Hmmm, I think removing the user mailing list is not a necessity when moving to a bulleting board (like) user support. Keeping both has the benefit of allowing both ways for the user but comes with the disadvantage of distributed information (board and mailing list) and possibly more work for the devs/supporting users because they would have to check both. So this should probably be discussed.

Johannes
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Re: Drop mailing lists in favor of a forum software

Joris Dirks-2
To me, the ideal solution would be enhanced forum-functionality inside
XWiki. Not only for the this mailinglist (getting all conversation in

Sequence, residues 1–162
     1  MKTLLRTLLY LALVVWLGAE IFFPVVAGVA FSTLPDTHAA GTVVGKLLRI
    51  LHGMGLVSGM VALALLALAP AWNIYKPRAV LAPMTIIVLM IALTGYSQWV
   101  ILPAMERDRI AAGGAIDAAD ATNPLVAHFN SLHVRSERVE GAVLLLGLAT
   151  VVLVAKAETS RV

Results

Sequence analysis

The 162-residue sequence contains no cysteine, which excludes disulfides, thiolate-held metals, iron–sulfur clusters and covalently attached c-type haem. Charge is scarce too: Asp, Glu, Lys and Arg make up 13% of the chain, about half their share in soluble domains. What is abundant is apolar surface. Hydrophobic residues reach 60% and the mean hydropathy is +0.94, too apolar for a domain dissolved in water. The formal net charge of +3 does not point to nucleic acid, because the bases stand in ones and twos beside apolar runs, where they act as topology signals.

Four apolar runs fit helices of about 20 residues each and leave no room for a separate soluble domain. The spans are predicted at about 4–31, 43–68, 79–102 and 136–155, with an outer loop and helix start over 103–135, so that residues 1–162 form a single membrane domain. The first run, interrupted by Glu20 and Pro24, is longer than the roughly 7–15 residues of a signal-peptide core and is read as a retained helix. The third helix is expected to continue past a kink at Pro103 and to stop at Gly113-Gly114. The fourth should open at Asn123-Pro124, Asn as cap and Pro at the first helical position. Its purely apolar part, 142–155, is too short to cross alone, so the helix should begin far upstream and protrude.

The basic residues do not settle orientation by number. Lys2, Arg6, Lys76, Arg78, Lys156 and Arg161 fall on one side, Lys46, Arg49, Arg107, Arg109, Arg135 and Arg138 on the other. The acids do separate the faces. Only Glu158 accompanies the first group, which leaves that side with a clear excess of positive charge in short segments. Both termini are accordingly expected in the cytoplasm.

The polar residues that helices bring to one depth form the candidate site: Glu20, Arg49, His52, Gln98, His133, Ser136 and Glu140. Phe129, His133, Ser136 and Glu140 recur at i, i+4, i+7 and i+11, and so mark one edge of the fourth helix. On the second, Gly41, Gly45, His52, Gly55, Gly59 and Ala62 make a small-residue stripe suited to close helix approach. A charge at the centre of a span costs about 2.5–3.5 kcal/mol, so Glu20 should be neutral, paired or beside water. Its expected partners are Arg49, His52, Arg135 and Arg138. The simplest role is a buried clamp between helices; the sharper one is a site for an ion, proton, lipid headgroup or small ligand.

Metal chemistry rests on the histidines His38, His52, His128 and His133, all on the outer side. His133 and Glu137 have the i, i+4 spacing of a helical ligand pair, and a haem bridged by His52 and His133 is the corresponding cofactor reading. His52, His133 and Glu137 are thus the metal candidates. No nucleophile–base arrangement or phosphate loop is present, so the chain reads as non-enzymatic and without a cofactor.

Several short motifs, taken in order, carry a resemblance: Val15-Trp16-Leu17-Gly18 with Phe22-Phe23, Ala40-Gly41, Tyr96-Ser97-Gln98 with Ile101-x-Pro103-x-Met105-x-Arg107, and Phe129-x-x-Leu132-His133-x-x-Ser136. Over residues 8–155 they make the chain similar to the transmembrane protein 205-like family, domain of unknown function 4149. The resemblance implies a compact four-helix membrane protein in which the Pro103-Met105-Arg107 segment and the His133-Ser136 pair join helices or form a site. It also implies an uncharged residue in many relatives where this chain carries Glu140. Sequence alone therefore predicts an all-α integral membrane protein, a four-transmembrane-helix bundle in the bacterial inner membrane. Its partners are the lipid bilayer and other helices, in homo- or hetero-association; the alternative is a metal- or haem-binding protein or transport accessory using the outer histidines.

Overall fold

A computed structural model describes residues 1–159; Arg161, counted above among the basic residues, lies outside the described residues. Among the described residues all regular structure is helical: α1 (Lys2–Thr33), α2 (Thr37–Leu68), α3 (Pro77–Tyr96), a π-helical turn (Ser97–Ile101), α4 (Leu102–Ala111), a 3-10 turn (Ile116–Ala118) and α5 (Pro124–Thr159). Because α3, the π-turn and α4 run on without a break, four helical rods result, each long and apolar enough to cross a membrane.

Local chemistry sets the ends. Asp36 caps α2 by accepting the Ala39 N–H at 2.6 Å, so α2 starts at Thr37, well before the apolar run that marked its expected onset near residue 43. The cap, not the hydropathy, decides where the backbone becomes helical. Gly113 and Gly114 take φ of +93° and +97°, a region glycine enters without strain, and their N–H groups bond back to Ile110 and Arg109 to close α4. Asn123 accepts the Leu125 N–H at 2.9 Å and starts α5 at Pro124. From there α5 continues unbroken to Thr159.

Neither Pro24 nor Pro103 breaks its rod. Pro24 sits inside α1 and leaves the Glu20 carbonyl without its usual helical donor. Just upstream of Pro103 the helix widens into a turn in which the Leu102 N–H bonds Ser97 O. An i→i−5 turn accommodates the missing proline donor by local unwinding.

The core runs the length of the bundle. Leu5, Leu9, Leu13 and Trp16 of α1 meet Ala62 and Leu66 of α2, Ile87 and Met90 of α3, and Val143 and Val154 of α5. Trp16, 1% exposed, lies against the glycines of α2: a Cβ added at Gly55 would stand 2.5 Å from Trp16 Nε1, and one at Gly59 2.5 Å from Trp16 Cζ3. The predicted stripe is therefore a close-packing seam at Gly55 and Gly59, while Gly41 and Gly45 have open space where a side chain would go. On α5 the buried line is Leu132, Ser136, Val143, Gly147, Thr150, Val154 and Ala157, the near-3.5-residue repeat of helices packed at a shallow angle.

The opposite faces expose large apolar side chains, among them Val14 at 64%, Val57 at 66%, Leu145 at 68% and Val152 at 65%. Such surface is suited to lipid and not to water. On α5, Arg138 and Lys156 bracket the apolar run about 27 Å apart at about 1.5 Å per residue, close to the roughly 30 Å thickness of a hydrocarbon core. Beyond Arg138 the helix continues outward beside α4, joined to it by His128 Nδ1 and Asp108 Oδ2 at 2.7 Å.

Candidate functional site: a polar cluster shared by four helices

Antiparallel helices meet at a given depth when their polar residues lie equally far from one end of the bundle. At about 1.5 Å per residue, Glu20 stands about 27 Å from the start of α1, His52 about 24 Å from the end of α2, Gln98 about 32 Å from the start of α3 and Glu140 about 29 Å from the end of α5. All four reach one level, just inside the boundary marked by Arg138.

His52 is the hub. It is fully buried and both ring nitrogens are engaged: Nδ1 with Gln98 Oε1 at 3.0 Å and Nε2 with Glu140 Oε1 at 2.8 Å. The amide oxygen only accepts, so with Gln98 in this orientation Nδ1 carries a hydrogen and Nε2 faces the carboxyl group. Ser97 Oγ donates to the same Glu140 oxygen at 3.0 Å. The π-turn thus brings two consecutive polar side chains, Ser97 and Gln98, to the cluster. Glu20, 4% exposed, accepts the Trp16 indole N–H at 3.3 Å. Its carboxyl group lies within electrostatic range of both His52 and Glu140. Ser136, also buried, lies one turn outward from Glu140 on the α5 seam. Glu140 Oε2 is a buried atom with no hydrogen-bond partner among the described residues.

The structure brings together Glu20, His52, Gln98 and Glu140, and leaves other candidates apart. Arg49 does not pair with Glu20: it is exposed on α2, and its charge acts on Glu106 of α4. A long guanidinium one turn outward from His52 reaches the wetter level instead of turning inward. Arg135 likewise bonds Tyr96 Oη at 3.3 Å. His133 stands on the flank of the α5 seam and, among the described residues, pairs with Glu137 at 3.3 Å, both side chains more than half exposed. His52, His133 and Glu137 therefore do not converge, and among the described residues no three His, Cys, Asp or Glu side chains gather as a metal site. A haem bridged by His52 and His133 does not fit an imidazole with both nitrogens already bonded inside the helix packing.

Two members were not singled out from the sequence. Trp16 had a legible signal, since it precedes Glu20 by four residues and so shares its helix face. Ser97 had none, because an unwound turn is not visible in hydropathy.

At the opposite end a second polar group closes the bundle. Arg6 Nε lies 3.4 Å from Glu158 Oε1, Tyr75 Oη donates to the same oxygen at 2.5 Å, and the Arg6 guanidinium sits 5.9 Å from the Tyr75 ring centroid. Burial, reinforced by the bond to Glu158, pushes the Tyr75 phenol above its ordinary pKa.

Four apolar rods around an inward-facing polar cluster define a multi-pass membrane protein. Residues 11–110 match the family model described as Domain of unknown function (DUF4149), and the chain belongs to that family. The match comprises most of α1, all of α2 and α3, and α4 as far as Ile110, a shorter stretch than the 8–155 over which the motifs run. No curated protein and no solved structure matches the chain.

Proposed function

one place, linking discussions to the pages/features it concerns) but
for XWiki as a platform too.

I currently have no time to elaborate in a functional proposal, but
roughly: commenting works fine as-is online, but (mail) notification
of replies is lacking (chosing 'watch this page' is unsatisfactory).
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Re: Drop mailing lists in favor of a forum software

Andreas Hahn
In reply to this post by Andreas Hahn
Hi everyone,

as for your morning entertainment I'll tell a little shortstory.

Get yourself a coffee - relax - and a few mins to read and think about it.


Back in 2004  2 Java Developers that were upset about EJBs published a
book with their thoughts and recommendations about how J2EE software
developement should be done in their minds. The 2 guys were Rod Johnson
and Juergen Hoeller, the book was "J2EE Development without EJB", and